Polysubstance Use: Diagnostic Challenges, Patterns of Use and Health

Jason P. Connor; Matthew J. Gullo; Angela White; Adrian B. Kelly


Curr Opin Psychiatry. 2014;27(4):269-275. 

In This Article

Prevention, Treatment, and Further Research

Prevention programs delivered in schools and the community to reduce youth substance use generally demonstrate modest efficacy, with some studies showing small short-term effects, but poor longer term outcomes.[64–66] When prevention programs that specifically target adult polysubstance users are reviewed, pervasive methodological weaknesses prevent strong conclusions being drawn about efficacy.[67] Psychological treatments for alcohol, cannabis, tobacco, and amphetamine are effective in reducing the severity of disorders, as are pharmacological approaches to opiate, nicotine, and alcohol dependence.[68] There is currently limited evidence to assess whether treating multiple substance problems concurrently is more effective than treating them individually and sequentially.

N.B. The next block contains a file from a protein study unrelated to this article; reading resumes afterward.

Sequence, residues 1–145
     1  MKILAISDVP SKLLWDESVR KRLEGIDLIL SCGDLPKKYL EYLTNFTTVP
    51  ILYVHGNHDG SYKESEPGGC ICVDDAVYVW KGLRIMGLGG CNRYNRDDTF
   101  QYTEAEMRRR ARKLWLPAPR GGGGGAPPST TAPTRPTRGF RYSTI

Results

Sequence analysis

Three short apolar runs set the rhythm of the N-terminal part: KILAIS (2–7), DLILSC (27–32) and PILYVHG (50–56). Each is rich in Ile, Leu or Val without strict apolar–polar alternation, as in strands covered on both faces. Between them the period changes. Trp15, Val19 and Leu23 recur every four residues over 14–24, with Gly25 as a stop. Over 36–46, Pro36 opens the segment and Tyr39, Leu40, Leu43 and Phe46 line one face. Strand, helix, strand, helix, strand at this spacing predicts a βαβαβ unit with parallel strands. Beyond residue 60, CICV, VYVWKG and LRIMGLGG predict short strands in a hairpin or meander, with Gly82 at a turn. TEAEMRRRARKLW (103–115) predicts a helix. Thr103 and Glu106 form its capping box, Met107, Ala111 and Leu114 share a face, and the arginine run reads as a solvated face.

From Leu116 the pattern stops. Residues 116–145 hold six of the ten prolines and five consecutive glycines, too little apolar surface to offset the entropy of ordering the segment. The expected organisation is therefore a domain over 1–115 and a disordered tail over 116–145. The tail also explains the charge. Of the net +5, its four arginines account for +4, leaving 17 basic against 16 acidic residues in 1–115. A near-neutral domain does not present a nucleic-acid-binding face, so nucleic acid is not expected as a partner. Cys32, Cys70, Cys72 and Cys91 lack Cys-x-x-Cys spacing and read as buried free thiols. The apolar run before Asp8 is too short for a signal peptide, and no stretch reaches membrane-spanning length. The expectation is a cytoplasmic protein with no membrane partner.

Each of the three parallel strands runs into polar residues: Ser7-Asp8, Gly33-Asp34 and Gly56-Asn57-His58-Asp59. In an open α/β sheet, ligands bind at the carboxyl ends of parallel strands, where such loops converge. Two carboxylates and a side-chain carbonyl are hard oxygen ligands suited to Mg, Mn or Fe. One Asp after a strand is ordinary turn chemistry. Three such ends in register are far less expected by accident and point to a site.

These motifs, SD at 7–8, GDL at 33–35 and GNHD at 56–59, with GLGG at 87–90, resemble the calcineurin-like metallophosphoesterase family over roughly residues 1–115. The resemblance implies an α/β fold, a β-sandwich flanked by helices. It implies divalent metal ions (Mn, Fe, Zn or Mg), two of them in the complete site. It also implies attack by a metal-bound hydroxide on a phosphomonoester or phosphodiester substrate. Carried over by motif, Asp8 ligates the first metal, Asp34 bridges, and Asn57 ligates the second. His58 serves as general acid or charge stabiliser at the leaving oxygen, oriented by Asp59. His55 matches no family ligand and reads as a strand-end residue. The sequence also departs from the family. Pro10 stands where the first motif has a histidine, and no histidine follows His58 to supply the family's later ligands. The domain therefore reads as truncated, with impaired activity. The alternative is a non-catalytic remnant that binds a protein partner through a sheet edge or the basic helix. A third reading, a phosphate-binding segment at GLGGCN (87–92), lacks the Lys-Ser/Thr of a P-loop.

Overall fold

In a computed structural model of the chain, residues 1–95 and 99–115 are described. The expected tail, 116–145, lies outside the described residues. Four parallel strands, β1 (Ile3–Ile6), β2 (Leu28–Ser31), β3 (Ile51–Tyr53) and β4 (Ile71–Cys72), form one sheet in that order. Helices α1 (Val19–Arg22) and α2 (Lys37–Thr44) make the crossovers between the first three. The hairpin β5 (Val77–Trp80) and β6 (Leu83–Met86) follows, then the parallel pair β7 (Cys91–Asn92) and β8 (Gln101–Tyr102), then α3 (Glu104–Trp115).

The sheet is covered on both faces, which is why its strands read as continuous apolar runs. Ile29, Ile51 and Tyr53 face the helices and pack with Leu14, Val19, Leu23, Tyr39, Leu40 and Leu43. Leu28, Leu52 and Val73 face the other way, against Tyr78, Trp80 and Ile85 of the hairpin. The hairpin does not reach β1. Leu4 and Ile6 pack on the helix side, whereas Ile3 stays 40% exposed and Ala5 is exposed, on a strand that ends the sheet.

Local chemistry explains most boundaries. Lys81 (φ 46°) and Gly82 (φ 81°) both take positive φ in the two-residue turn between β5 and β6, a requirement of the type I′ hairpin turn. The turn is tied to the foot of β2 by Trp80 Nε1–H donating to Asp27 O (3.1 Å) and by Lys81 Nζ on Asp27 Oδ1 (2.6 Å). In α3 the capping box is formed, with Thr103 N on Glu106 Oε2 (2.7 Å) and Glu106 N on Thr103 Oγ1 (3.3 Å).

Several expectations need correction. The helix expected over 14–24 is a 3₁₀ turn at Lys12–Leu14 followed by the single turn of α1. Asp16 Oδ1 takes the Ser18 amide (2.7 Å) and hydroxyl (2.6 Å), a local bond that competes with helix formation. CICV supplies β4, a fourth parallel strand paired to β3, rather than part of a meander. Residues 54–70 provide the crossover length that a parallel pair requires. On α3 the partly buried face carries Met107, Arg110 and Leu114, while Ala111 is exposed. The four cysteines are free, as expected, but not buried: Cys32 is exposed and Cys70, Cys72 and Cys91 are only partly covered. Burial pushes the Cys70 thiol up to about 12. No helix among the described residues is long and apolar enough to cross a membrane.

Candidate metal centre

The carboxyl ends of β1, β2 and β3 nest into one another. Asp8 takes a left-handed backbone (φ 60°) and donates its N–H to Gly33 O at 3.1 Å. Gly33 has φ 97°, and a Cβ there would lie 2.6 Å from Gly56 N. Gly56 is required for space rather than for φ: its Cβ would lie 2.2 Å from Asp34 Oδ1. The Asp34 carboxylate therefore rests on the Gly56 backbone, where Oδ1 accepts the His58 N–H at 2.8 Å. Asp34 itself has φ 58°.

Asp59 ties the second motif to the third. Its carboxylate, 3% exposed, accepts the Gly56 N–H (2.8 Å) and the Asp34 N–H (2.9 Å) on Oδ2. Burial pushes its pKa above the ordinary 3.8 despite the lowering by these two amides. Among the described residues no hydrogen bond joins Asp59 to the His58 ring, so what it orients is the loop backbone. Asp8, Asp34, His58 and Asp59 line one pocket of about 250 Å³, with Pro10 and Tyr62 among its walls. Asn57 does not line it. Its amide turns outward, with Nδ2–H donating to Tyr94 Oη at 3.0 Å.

There is an intuitive appeal for targeting prevention and treatment approaches based on the individual risk profiles (T. Dietrich, S.R. Rundle-Thiele, C. Leo, J.P. Connor, in preparation).[69,70] Some promising prevention results targeting personality risk have recently been reported at 24 months' follow-up.[71] Future research may consider whether specific types of polysubstance clusters, as identified in the current review, respond better to targeted prevention and treatment approaches.

Future epidemiological research needs to move beyond the binary measures of drug use to polysubstance use profiles that incorporate measures of frequency and severity.[18,19,39,41] They could also explore longitudinal transitions in patterns of polysubstance use, particularly between age 14 and 35, in which polysubstance use frequently develops, peaks, and subsides.[25–27] The increased use of LCA and latent transition analysis[20] will help identify patterns of both 'forward' and 'backward' transitioning (widening or narrowing of drug types). These statistical technologies may be helpful in determining the timings for prevention targets for specific drug types and combinations of drugs. Future research would also benefit from more precisely identifying the source of prescription medication used for non-medical purposes. It is possible individuals that source non-prescription medicine from registered heath prescribers may represent a fundamentally different type of substance user than those who access street markets for both diverted prescription (and over-the-counter drugs) drugs and illicit drugs.